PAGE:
Sweet peas – from Kelso to the Crystal Palace, a story of one gardener’s glory. Country Life with Rosemary Goring


BLACKBIRDS were hopping in the trees as daylight arrived. From the bedroom window I could see nine of them, bouncing from branch to branch like children playing up in the classroom. Snow was still thick on the ground, but it seemed the birds had sensed the end of the big freeze, and were marshalling themselves for a fruitful foraging shift.

Two days later and, apart from stubborn patches on the hills and roadsides, it was as if the snow had never been. For one bird of prey, the pickings that morning were particularly rich. I was about to brush my teeth when my eye was caught by a flock of tiny finches in the whitebeam tree. Suddenly, from nowhere, a sharp-winged speckled brown bird rushed at them, sending the flock hurtling in the opposite direction, one fewer than a moment before. This was the work of the sparrowhawk, for whom our garden is Waitrose. The operation was sinister in its speed, stealth and surgical precision. Seconds later there was no sign of the killing, but the finches did not return.

After their baptism by ice, the first crocuses are making an appearance, but despite their glimmer of colour, the garden looks dank and dreary. Buds and shoots are lying in wait and will doubtless soon burst into life. Until then, however, I like to think ahead to the height of summer, and picture what will be blooming then.

I can’t see beyond roses for beauty and scent, but several friends are expert at sweet peas, and one is so in thrall, he has devoted his city allotment almost entirely to them. You can understand why. They don’t just add a profusion of gentle, ever-repeating colour, but turn plots into a perfumier’s paradise. My own half-hearted attempts have so far proved unsuccessful, but if there is anywhere in this country where this most delicate-looking yet resilient plant could flourish, this is it.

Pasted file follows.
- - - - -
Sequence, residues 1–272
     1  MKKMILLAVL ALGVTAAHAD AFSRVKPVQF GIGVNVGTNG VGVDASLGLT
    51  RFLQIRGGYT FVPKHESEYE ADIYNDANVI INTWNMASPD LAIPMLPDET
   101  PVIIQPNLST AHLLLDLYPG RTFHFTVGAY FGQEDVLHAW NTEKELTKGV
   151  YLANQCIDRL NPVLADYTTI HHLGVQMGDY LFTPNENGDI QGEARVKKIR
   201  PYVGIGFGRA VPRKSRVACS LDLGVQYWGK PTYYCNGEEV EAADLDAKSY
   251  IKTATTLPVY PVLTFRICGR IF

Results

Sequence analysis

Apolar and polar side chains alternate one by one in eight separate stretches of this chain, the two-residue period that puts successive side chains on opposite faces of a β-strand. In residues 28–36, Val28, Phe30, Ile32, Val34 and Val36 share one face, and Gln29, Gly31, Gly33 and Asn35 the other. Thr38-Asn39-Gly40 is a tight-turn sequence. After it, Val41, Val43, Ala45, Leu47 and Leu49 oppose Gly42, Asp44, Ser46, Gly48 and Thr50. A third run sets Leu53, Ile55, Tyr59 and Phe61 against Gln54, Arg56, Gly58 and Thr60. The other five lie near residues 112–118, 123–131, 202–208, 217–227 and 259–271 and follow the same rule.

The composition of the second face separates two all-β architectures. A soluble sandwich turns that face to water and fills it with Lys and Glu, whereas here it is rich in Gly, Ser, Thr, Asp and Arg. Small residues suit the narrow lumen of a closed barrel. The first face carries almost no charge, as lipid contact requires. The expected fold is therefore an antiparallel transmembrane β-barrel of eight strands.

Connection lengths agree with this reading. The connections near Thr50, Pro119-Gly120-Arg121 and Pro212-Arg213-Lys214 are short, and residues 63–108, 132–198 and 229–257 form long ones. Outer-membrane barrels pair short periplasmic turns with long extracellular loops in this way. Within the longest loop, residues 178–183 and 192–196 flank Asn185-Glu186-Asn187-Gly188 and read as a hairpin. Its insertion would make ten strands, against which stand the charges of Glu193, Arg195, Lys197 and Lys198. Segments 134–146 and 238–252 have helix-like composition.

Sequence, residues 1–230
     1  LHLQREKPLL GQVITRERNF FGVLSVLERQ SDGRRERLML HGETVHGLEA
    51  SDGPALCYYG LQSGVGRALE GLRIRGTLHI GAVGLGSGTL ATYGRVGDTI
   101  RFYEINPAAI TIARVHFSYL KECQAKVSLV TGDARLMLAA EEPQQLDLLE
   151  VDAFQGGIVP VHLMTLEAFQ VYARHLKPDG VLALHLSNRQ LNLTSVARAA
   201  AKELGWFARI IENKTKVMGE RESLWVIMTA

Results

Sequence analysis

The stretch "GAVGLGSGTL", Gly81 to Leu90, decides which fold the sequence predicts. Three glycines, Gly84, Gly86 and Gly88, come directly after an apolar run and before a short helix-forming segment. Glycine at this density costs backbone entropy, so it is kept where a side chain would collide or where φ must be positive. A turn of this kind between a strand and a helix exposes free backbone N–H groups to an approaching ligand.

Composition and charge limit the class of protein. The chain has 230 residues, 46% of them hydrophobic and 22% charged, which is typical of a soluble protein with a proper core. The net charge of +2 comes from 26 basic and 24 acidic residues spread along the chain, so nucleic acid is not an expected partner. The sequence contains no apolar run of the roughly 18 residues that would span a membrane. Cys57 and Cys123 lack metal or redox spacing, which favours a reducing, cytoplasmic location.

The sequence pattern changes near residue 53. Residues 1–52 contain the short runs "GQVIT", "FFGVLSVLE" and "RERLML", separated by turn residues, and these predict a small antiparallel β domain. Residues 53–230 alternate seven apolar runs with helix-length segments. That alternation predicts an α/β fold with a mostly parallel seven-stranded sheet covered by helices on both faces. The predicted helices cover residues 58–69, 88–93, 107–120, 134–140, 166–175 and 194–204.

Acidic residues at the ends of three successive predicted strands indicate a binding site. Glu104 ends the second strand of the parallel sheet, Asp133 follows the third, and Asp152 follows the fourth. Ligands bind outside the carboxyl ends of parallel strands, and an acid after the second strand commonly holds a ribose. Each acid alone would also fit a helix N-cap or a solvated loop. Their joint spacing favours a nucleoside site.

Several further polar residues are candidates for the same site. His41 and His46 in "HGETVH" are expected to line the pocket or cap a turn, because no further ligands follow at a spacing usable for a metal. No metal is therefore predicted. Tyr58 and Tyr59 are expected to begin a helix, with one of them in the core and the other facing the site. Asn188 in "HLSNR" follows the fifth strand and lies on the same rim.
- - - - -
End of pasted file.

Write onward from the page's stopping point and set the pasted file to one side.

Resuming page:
I know this because 110 years ago this weekend, on 20 February 1911, the Daily Mail announced a competition for the best bunch of sweet peas in Britain. First prize was £1000, second £100 and third £50. Entrants had to be amateurs, with no more than one person assisting them in their garden, and could send one bunch per family member. Entries had to reach London by July 27 which, for anyone competing from these parts, meant a 300-mile train journey from Berwick-Upon-Tweed, during which something so exquisite and delicate would surely wilt.

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That, at least, was the first thought of Mr Denholm Fraser, the minister at Sprouston, a clachan a few miles from Kelso. It was his enthusiastic young gardener, Alec White, who told him about the prize, and persuaded him to think bigger than the Kelso Society Show, where he had previously had some success with his carnations.

What follows, as recounted in Henry Donald’s delightful cameo of events, A Bunch of Sweet Peas (published years ago by Canongate), was the horticultural equivalent of a Jason Bourne movie: filled with plot twists, unexpected hazards and obstacles, and with a tender love story at its heart.